The first time I walked down the long hallway toward the reception room of EWTN, I saw a portrait of Mother Angelica (1923-2016) smiling at me with a mischievous look in her eye. She seemed to be saying, “It’s about time you got here. Are you ready to rock the boat and have some fun?” I couldn’t help it; I responded out loud, “Yes, Mother Angelica, I am ready to have some fun!”
Even though I had long been a fan of EWTN, I wondered how this whole network came to be. I knew she had started it, but I didn’t know the details. Just who was Mother Angelica?
You probably guessed that the name Angelica is not Mother’s birth name. The name under her picture in the high school yearbook is Rita. Rita was a drum majorette, and even though she kept to herself in school, she was the leader of the band. Her father abandoned the family when Rita was young. Feisty little Rita wasn’t about to let him get away with ignoring them, though, and would hunt through the bars of Canton, Ohio, for him, demanding that he pay his support money. Those checks were few and far between, but her mother worked hard to support her family.
In her teenage years, Rita became deathly ill from a stomach ailment that required many abdominal surgeries, many of which did not seem to work. She was frail and continued to drop weight, and her situation soon became dire. She was advised to offer a nine-day prayer, or novena, with the assurance that God would cure her.
After the ninth day passed, she awoke to the sharpest stomach pain she had ever felt. As it eased, she heard a voice telling her to stand up and walk without her stomach brace. She jumped out of bed, marched into the kitchen, and told her grandmother she wanted a pork chop, insisting she had been healed. She pulled up her pajama top to show her stomach. The big lump and blue discoloration that had been there were gone.
Rita soon joined a cloistered Franciscan convent, taking the name Angelica. She felt called by God to go to Alabama and start a convent there. Once there, her teaching became so popular in the local area that she was inspired to distribute little booklets of her lessons. Soon, the demand for her booklets became so great that Mother Angelica ordered a printing press for the convent, trusting that God would provide the funds. He did.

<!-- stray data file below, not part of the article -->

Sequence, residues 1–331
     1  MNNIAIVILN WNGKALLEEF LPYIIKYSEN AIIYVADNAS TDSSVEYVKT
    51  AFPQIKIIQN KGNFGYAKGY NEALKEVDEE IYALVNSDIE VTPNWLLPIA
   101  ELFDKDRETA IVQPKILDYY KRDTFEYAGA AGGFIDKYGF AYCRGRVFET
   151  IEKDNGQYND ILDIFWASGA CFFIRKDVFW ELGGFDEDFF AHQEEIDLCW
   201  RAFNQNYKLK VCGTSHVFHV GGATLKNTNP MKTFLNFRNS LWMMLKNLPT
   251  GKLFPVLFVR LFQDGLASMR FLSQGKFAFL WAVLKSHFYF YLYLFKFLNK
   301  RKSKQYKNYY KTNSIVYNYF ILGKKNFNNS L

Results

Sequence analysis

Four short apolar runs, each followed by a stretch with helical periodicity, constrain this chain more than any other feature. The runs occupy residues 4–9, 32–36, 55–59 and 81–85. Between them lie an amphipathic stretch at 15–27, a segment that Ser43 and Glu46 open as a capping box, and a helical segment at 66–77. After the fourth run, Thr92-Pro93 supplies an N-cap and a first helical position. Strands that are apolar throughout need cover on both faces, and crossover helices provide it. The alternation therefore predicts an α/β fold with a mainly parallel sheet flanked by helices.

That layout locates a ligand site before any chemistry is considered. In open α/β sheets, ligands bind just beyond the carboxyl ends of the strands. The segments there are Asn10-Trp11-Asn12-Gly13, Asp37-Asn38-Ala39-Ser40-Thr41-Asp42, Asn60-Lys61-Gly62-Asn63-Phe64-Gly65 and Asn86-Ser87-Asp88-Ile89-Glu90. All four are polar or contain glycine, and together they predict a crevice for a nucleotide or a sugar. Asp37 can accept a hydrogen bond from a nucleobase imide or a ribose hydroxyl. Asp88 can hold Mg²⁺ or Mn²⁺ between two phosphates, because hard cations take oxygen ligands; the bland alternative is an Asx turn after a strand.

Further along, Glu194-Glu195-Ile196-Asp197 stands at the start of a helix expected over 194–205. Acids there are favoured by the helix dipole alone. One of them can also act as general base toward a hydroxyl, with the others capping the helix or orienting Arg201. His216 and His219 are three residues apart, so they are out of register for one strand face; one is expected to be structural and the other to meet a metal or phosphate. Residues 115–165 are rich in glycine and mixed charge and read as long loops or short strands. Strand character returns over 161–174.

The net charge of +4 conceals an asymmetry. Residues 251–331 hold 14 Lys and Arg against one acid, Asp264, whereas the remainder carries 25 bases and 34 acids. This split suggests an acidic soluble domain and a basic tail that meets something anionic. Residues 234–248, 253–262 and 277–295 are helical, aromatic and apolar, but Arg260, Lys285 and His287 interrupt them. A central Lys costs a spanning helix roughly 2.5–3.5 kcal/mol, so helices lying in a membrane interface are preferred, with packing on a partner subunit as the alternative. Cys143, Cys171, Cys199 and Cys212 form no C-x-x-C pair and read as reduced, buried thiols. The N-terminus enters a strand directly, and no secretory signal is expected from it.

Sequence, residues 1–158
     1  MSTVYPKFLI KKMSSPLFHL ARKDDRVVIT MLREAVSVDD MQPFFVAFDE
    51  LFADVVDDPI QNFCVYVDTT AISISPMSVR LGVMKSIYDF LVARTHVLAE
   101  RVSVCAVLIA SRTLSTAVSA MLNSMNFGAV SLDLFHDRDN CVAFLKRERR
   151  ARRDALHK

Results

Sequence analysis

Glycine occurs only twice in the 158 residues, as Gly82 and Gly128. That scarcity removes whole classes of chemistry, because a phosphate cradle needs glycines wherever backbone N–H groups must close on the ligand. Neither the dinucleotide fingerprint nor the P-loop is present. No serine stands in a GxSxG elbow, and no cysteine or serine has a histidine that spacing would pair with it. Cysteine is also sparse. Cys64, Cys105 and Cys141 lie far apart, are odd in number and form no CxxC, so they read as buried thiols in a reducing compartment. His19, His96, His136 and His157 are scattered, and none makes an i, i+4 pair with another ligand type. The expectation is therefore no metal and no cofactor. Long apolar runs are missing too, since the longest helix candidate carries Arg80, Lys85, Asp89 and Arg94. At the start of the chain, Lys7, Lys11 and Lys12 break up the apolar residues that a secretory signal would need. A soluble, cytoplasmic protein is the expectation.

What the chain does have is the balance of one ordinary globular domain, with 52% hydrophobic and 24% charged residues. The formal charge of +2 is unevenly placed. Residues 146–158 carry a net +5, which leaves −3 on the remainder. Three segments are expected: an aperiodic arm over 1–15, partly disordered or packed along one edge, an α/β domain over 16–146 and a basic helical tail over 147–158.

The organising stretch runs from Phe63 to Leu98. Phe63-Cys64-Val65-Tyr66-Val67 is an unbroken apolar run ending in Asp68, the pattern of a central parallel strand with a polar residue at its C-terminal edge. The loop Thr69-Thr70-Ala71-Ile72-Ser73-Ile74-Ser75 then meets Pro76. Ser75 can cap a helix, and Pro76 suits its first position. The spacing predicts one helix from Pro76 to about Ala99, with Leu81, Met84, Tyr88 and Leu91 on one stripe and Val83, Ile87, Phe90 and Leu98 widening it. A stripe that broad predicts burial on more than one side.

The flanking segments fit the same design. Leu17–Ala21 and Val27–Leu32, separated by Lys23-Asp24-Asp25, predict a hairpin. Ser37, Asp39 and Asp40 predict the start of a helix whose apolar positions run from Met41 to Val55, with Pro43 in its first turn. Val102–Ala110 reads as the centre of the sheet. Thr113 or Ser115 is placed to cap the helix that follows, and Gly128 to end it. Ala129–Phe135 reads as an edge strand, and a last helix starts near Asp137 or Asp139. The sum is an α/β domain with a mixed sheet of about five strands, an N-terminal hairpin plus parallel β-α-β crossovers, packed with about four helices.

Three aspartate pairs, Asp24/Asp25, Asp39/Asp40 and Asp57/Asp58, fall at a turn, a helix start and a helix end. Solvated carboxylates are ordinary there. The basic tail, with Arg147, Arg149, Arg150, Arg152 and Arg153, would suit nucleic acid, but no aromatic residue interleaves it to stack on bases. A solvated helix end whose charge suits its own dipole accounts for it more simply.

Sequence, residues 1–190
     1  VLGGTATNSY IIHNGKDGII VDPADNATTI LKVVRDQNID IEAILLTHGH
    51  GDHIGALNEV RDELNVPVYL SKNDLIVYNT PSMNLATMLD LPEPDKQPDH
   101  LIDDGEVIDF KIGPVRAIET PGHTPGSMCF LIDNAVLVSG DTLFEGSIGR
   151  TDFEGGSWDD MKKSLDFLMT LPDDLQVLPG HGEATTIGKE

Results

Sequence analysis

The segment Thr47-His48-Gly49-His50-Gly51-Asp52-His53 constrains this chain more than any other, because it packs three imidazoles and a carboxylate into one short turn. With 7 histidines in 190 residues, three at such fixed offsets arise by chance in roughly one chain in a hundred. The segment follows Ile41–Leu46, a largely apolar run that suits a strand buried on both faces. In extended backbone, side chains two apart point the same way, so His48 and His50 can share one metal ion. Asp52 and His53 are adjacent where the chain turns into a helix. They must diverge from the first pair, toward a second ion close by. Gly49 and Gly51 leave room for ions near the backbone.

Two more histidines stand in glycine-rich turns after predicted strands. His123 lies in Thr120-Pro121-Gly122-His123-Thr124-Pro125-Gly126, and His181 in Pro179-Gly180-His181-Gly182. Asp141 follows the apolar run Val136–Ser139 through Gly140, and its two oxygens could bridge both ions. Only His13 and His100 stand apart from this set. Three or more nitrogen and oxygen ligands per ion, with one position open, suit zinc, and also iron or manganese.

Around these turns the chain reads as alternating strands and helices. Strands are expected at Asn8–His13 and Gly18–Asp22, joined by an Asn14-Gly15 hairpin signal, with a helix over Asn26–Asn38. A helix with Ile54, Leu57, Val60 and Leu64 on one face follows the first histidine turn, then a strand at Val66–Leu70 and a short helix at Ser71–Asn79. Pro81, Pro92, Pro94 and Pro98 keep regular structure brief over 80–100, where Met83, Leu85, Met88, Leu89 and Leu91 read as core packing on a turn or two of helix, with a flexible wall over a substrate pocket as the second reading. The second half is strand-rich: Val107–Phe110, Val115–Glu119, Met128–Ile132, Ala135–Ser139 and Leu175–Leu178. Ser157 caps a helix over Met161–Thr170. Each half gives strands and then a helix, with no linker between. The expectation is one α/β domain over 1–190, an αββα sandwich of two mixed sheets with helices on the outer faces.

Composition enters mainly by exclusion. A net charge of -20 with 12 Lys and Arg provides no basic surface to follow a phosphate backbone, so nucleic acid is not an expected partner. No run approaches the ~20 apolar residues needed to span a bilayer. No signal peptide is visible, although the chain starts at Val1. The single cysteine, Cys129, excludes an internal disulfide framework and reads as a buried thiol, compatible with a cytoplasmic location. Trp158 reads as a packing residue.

The printing business grew rapidly. Mother Angelica and her fellow cloistered nuns were a powerhouse of work and prayer. The sign above the print shop read, “The Master’s Print Shop. We don’t know what we’re doing, but we are getting good at it.”
Eventually, twenty-five thousand books rolled off those presses every day. Soon they were duplicating cassette tapes, too. Still, this was just the beginning. After Mother visited a Christian television studio in Chicago and saw a satellite dish that could beam programs to space and then back to earth, she decided she needed to get one. Before long, the Eternal Word Television Network was born.
Mother Angelica’s small steps of faith became giant leaps of faith. At every turn she rested in God’s will, trusting that he was guiding each step. By faith and hard work, Mother Angelica and her sisters expanded the television network and began to develop a global radio network. With each new and more ambitious calling, Mother Angelica responded with confident assurance in God’s sovereignty.
No obstacle could shake Mother Angelica’s faith in God. If he wanted a nun with no knowledge of publishing to buy a printing press, then fine. If he called her to start a television network, she’d do it. If he wanted a radio antenna built on a hill that professionals say is inaccessible, she would be sure to build it there. Leap after leap. Mountain after mountain. Mother Angelica walked in the way of heroic virtue.